Category: System Pragmatist

Blockchain, IoT, AI, Big Data. Will Anything Stick?

November 11th, 2019

Client Question
Should I really invest time and resources into technologies I don’t know will pay back?

For example, there is a lot of conversation about the value (or lack thereof) of blockchain, IoT, AI and more. This concern continues to arise and is on every executive’s mind. They do not want to be left in the dust “holding the bag” (old and slow) while their competitors race by. On the other hand, they do not want to dump all sorts of money into technology that might not prove effective in their industry. And, in some cases, what they could invest would be a drop in the bucket. It would be like trying to refill the Pacific Ocean with a pail. Remember that fabulous song by Harry Belafonte “There’s a Hole in the Bucket“?

My colleague Diane Garcia and I set out to find the latest answer to this question at the Association for Supply Chain Management International Conference. There were several panels and presentations on each of these topics, along with several exhibitors talking about the latest and greatest technology integrations.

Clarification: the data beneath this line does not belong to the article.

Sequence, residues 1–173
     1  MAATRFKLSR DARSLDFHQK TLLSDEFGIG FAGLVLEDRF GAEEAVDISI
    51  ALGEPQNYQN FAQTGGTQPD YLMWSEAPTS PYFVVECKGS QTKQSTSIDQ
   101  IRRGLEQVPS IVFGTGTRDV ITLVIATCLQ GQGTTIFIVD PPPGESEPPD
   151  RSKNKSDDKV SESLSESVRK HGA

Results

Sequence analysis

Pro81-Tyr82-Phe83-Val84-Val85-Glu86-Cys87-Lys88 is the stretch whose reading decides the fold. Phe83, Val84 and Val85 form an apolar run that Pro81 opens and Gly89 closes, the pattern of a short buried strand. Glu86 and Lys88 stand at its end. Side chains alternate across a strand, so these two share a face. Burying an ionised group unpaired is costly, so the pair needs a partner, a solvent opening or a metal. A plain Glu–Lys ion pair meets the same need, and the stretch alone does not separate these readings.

The Answer
Undoubtedly, there is a lot of noise about these technologies. According to Gartner, AI augmentation will generate $2.9 trillion in business value and recover $6.2 billion hours of work productivity. So, it is easy to see why AI is gaining investment with the large companies and with leaders of large organizations.

I love this quote from Harvard Business Review, “Over the next decade, AI won’t replace managers, but managers who use AI will replace those who don’t.” That about sums it up! We need to at least be aware so that we can make good decisions when it comes to these technologies.

As it relates to AI, according to McKinsey Quarterly, across all functions, respondents report that the most significant benefits come from adopting AI in manufacturing! Coming in second is risk with supply chain management just behind in third place. So, if you are in manufacturing, you cannot afford not to at least consider the opportunities. Do you need to do this on your own? NO! We are seeing small companies come together to share resources and invest jointly to drive scale with results (and so they can compete with the large companies). There are also groups that facilitate this type of collaboration. At the most digitized companies, the adoption of AI capabilities is greater including machine learning, virtual agents, robotic process automation, computer vision and more.